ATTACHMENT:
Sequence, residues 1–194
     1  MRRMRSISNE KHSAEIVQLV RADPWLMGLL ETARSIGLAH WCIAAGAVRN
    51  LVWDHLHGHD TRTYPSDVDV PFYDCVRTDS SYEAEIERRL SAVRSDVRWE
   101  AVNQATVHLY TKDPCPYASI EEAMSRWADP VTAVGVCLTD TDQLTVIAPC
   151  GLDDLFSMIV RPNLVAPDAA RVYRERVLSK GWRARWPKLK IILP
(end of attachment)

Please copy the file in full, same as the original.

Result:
Sequence, residues 1–194
     1  MRRMRSISNE KHSAEIVQLV RADPWLMGLL ETARSIGLAH WCIAAGAVRN
    51  LVWDHLHGHD TRTYPSDVDV PFYDCVRTDS SYEAEIERRL SAVRSDVRWE
   101  AVNQATVHLY TKDPCPYASI EEAMSRWADP VTAVGVCLTD TDQLTVIAPC
   151  GLDDLFSMIV RPNLVAPDAA RVYRERVLSK GWRARWPKLK IILP